By NDAHIRO TOM Vitriolic propaganda against Tutsis and the so-called “Hamitics of the Great Lakes region” had started long before the genocide of 1994. After the outbreak of the Rwanda civil war in October 1990, the planners and perpetrators of genocide moved to consolidate regional alliances. The manipulated clich of Hutu/Bantu was used in government propaganda. Tanzania‘s reaction to this call was evidence that the genocidaires’ propaganda was not without effect. The March 1991 edition of a Tanzanian newspaper, The Family Mirror, published “a sponsored feature” by the Rwanda embassy in Dar es Salaam. Its title was “The Whole Truth on the October 1990 War,” and it claimed to be a response to “requests for more information on the war imposed upon Rwanda by aggressors from Uganda Armed Forces.” Unfortunately, the paper’s gullible editors became agents of hate propaganda fed to innocent readers. The “sponsored feature” was a reproduction of a pamphlet of February 1991, authored by Leon Mugesera – now a fugitive from justice in Canada, then an “ideologue” working with the ruling party MRND and the Ministry for the Family and Promotion of Women. The accusations contained in the article made Mugesera sound like a man ranting in front of a mirror. Mugesera referred to the Rwanda Patriotic Front (RPF) as aggressors who feared neither God nor man, butchers of civilians, people who took drugs and destroyed the environment. The true motives of the “aggressors,” the article alleged, was to “restore the dictatorship of the extremists of the Tutsi minority which would subsequently pave way for a genocide and the extermination of the Hutu majority– and set up an extended Hima-Tutsi kingdom in the Great Lakes Region– It should be recalled that in identification with the Aryan race– [the RPF] use the swastika of Hitler as their symbol,” he asserted.  Burundi and the region of Kivu in the former Zaire (now Democratic Republic of Congo) were the next targets of the “Tutsi-Hima Empire” propaganda. Testimony to that is the following notice at the border crossing from the southwestern Rwanda town of Cyangugu to Bukavu in Zaire seen by a British journalist. “Attention, Zaireans and Bantu people! The Tutsi assassins are out to exterminate us. For centuries the ungrateful and unmerciful Tutsi have used their powers, daughters and corruption to subject the Bantu. But we know the Tutsi, that race of vipers, drinkers of untrue blood. We will never allow them to fulfil their dreams in Kivuland.” [Leslie Crawford, “Hutus See France as Their Saviour,” Financial Times, June 27, 1994)]. This was an early warning of what was about to happen in Zaire. In enabling the majority of the genocidaires to escape across the border into Kivu and there regroup, the French government’s “Operation Turquoise,” with a mandate from the United Nations, appeared to anticipate this outcome. The government of France, even before “Operation Turquoise”, supported the regime that committed the genocide to “protect the French language” in a friendly Francophone country.  Sylvie Brunel told the 18th Franco-African meeting, held in Biarritz, France, that the country “continued to support and to arm President Habyarimana in Rwanda up until the current explosion [the genocide]– and this is why we say that France is guilty of genocide and of complicity in genocide.” [Howard W. French: “Tense Times for France-Africa Ties,” New York Times, November 9, 1994)].  France‘s protection and support to the perpetrators of genocide allowed them to develop it into a crime without borders in the Great Lakes Region. There followed pre-meditated killings and expulsions of perceived Tutsi citizens of Zaire from their homes while the killers from Rwanda looted their property. All this was done before the eyes of government officials and the army, which should have protected the victims but instead embraced the imported bigotry. As early as 1995, genocidal propaganda was alive in eastern Zaire. An article entitled “Zaire Threatened by Territorial Break-up: The Creation of a Tutsi-Hima Empire Looking Ever More Likely” was published in the Forum des As, No 511, September 1995. Another publication, Tufikiri, of October 2, 1996, repeated a version of Kangura‘s “Ten Hutu Commandments” (See Part2 Magazine, The EastAfrican, April 1-7.) For those who remained sceptical of the evil intentions of the Tutsi, the paper said, “Posters expressing the ethnic hatred felt by other tribes for the Tutsi, carried by demonstrators in marches organised recently in Southern Kivu, provide additional convincing evidence. Posters carrying slogans such as ‘The difference between a dog and a Tutsi? None!’ ‘All Tutsi must go home’, ‘Don’t marry a Tutsi’, ‘Married to a Tutsi? Get a divorce!’ ‘Unite to fight the enemy!'” Within two years, thousands of perpetrators of the Rwanda genocide who were fugitives from justice in Zaire, had killed thousands of that country’s citizens falling in the “enemy” category. Likewise, from their Zairean bases, they killed hundreds inside their own country. The Tutsi-Hima Empire, though a fetish, turned into a potent political tool in the Great Lakes. The late Congolese president, Laurent Kabila, used the obsession with this fetish to marshal support among neighbours and allies, in what Collette Braeckman called an “anti-Tutsi diatribe” [Le Soir, November 17, 1998]. But Kabila was not the only one.  In 1996, an aid worker from Oxfam-UK, then in Zaire, wrote to me, asking: “Is it that the international community has become accustomed to the ethnic cleansing? Is the suffering it causes no longer criminal? If not, why is it condoned in eastern Zaire? Are all these events allowed because the world wants the Great Lakes Region to blow up so that it can show the capacity of its humanitarian charity? Has the world accepted the anomaly that lives are only saveable after the crisis as in Rwanda in 1994, and not before?” More appalling than these complex questions, he said, was the fact that the killers were being fed and supplied by the very international community. Raphael Lemkin, the first person to coin the word genocide, put the world on alert. “The practice of genocide anywhere affects the initial interests of all civilised people. Its consequences can neither be isolated nor localised. Tolerating genocide is an admission of the principle that one national group has the right to attack another because of its supposed social superiority.” In 1997, the merchants of hate were back on the air waves. Michael Griffin saw the “shadow” of Radio T l vision Libre des Mille Collines, the station that played a crucial role in inciting the Tutsi genocide, falling once again across the region. He wrote that, “The latest in the line of Great Lakes hate media is Radio Voix du Patriote (once known as Radio Kahuzi Biega), which has been operating intermittently in the Bukavu region of South Kivu. The radio is said to have the backing of ex-Forces Arm es Rwandaises (FAR), ex-Forces Arm es Zairoises (FAZ) and the Hutu Interahamwe militia. It tells ‘the Bantu brothers’ to ‘rise as one’ to combat the Tutsi described as ‘Ethiopians and Egyptians’ who do not belong in the region.” [M. Griffin, “Rwanda: Familiar Drums,” Index on Censorship 3, 1998)]  In August 1998, a broadcast on Radio Bunia, in eastern Congo, urged the people to “jump on the people with long noses, who are tall and slim” who allegedly want “to dominate” them. On what the “people” should do, the broadcast said: “People must bring a machete, a spear, an arrow, a hoe, spades, rakes, nails, truncheons, electric irons, barbed wire, stones, and the like, in order to kill the Rwandan Tutsis.”  The then Foreign Minister in the DRC, Yerodia Ndombasi, drummed up the Congolese over the National Radio to commit yet another genocide: “Smash the vermin, the scraps, the microbes that have to be eradicated, with method, with resolution– The Tutsi are under risk of living the same sad experience as the Jews did. They are perfidious, rancorous and bloodthirsty. Vermin, yes, I call them vermin– who spoil and poison the body of our nation, which we must eradicate.” The message was clear, yet internationally it fell on deaf ears.  The Zimbabwe state-owned print media played the same obnoxious tune. African Rights, in their new book The Cycle of Conflict: Which Way out in the Kivus? describe some Zimbabwean newspaper articles as “reminiscent of Kangura, which advocated and encouraged the 1994 genocide, –urging Bantu people to stand together and counter a Hamitic conspiracy to force them into subservience.” The human rights organisation quotes The Herald, December 13, 1998 as saying: “Tutsi imperialist tendencies are well-documented.” But which documentation does the author refer to? Kangura? Like a contagious disease, racism seems to have made its way even into the body of Tanzania, a country believed to have long ago defeated racial prejudice. John Chirigati, the country’s Deputy Minister for Home Affairs, told parliament that it was advisable to avoid getting married to Hutu and Tutsi women because “there are still many Tanzanians who are beautiful.” He said this was “important in maintaining peace and national tranquility for many years to come,” because marrying the two “tribes” could introduce elements of the hatred “inherited from their grandparents and lack of proper upbringing.” [state-owned Daily News, July 25, 2001] The minister, consciously or unconsciously turned out to be another disciple of the pseudo-religion of racism. The moment Mugabe told Museveni: ‘Your intelligence is exaggerated’EVENT: it is a cold November winter of 1998 in Paris and President Jacques Chirac of France is host of a large conference of African statesmen. The presidents are assembled to discuss continuing armed conflict on the continent and the ever-increasing economic crisis of the countries in the region.In attendance at the French president’s residence, the Eiles (sic) Palace are presidents Chirac, Robert Mugabe of Zimbabwe, Yoweri Museveni of Uganda, Laurent Kabila of the Democratic Republic of Congo, Pasteur Bizimungu of Rwanda and Benjamin Mkapa of Tanzania. There is also Yama Jame to Gambia, Abdu Diof of Senegal, Meles Zenawi of Ethiopia, Joachim Chisano of Mozambique, Sam Nujoma of Namibia and Frederick Chiluba of Zambia to mention only a few.The conversation finally settles down of the DRC. Uganda and Rwanda which had helped Kabila have turned against their proxy and organised armed resistance against him after a failed coup. However, Kabila has called in Zimbabwe, Angola and Namibia to help bolster his fledging government and it has worked. Kabila accuses Museveni and Kagame of Rwanda of a hidden plot to build a Hima-Tutsi empire.“That Bizumungu you see over there,” Kabila spits the words with disdain “he is a Hutu and just a figure head. Real power lies with Paul Kagame, his vice president. So there is no reason for Bizimungu to even sit in this meeting with other heads of state when he is only a personal assistant to Kagame.”Museveni interjects saying the meeting should discuss more serious issues. But nobody is real listening; and as matter of fact he has too many contrary minds all over the place, does Museveni.Mugabe is pissed at this talk of ‘more serious issues’ and says the threat of a Hima-Tutsi empire is a real and serious issue; in tones that suggest he is convinced it is even the only issue that should be discussed here today. “I have always heard that you are a very intelligent and popular man,” Mugabe tells Museveni right into his face, “I now think your intelligence is quite exaggerated.”And with that, the old man walks out of the meeting in protest, wagging his finger at Museveni and vowing to “fight to the death” against the “creation of a Hima-Tutsi empire.” Jameh of Gambia also interjects, telling Museveni that he thought the Ugandan president was a new hope for Africa, “not an ethnic chauvinist bent on re-creating obsolete pre-historic empires”. In the cacophony of voices, one voice is quiet. Chirac is completely taken apart by surprise at this remarkable outplay by Africa’s leading statesmen.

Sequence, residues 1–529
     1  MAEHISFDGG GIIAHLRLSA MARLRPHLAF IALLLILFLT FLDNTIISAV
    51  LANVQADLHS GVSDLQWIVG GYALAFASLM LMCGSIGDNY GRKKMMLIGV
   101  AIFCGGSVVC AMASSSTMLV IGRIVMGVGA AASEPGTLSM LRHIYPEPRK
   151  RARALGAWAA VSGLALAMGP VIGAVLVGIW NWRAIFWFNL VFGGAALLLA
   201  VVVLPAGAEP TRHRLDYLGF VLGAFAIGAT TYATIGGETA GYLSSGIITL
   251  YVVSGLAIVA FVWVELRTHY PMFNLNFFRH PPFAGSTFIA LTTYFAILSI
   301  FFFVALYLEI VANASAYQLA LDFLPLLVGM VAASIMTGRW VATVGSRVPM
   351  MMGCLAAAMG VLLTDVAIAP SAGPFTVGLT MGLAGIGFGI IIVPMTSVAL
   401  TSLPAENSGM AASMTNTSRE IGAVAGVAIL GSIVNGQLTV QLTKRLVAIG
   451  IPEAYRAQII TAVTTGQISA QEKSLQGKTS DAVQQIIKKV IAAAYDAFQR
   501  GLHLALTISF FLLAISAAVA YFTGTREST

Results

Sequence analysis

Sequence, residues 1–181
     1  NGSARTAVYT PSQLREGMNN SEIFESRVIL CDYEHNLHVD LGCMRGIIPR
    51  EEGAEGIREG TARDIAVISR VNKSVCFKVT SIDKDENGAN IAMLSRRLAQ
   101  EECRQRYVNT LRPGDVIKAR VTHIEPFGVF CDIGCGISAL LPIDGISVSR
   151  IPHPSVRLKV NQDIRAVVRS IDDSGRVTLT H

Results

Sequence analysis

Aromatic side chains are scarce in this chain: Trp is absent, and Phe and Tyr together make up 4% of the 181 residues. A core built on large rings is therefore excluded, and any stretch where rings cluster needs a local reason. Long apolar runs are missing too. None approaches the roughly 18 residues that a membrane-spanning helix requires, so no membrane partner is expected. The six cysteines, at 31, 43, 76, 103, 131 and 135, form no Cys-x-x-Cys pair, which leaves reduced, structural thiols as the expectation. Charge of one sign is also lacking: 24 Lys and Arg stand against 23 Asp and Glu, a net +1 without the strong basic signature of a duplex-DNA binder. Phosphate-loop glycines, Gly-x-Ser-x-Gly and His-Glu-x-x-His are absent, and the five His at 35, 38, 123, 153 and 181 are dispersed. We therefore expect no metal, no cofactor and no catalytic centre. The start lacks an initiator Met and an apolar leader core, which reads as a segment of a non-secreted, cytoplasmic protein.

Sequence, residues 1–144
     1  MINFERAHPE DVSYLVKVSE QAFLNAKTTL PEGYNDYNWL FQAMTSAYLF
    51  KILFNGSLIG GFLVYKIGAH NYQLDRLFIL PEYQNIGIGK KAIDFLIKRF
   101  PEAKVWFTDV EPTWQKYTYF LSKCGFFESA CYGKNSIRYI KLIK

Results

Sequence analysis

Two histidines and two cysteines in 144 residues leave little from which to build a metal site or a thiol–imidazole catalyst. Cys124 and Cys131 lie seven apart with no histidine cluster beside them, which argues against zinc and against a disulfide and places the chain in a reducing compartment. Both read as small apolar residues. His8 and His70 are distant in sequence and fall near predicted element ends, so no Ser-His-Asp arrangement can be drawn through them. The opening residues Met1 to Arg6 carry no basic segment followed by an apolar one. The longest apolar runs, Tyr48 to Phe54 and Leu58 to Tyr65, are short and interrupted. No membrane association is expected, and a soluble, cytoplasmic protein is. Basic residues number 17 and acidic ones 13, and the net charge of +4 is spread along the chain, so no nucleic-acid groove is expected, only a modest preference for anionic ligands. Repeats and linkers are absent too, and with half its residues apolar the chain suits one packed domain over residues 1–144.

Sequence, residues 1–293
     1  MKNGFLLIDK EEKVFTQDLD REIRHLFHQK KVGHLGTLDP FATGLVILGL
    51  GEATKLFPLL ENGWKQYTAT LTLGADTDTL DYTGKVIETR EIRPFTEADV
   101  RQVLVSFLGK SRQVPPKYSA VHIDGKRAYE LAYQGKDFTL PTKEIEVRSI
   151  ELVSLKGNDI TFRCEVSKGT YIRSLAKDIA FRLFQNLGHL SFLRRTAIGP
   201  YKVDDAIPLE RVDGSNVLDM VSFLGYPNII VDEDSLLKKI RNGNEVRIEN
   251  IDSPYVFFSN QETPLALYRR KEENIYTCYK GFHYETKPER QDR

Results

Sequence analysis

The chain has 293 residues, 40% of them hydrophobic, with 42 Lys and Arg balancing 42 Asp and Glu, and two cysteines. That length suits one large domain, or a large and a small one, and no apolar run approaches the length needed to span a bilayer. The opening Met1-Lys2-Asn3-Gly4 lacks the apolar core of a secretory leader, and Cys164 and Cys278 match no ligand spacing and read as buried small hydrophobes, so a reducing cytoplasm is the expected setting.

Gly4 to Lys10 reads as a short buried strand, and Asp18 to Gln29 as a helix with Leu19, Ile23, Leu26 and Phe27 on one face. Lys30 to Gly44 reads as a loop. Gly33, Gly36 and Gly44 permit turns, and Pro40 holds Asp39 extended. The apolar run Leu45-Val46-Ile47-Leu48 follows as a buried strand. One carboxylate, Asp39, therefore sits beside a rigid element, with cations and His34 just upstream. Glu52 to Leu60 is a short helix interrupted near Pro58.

“Genocide” and fears of a “Tutsi empire”